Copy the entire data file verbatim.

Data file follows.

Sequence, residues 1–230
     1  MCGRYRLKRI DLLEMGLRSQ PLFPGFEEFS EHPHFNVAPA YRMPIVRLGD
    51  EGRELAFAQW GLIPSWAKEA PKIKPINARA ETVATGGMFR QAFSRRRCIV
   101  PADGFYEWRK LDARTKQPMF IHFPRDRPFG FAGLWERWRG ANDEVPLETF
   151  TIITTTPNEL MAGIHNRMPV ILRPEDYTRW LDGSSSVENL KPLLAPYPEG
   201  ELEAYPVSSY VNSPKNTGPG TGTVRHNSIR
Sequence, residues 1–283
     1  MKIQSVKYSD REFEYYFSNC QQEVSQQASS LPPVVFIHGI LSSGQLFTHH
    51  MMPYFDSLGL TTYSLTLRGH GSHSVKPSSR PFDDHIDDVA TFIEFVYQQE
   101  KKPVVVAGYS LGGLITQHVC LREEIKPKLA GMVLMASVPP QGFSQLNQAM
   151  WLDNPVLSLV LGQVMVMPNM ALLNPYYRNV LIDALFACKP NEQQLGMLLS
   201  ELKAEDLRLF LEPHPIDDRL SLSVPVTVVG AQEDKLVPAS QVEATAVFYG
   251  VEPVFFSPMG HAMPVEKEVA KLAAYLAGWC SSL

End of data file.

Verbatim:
Sequence, residues 1–230
     1  MCGRYRLKRI DLLEMGLRSQ PLFPGFEEFS EHPHFNVAPA YRMPIVRLGD
    51  EGRELAFAQW GLIPSWAKEA PKIKPINARA ETVATGGMFR QAFSRRRCIV
   101  PADGFYEWRK LDARTKQPMF IHFPRDRPFG FAGLWERWRG ANDEVPLETF
   151  TIITTTPNEL MAGIHNRMPV ILRPEDYTRW LDGSSSVENL KPLLAPYPEG
   201  ELEAYPVSSY VNSPKNTGPG TGTVRHNSIR
Sequence, residues 1–283
     1  MKIQSVKYSD REFEYYFSNC QQEVSQQASS LPPVVFIHGI LSSGQLFTHH
    51  MMPYFDSLGL TTYSLTLRGH GSHSVKPSSR PFDDHIDDVA TFIEFVYQQE
   101  KKPVVVAGYS LGGLITQHVC LREEIKPKLA GMVLMASVPP QGFSQLNQAM
   151  WLDNPVLSLV LGQVMVMPNM ALLNPYYRNV LIDALFACKP NEQQLGMLLS
   201  ELKAEDLRLF LEPHPIDDRL SLSVPVTVVG AQEDKLVPAS QVEATAVFYG
   251  VEPVFFSPMG HAMPVEKEVA KLAAYLAGWC SSL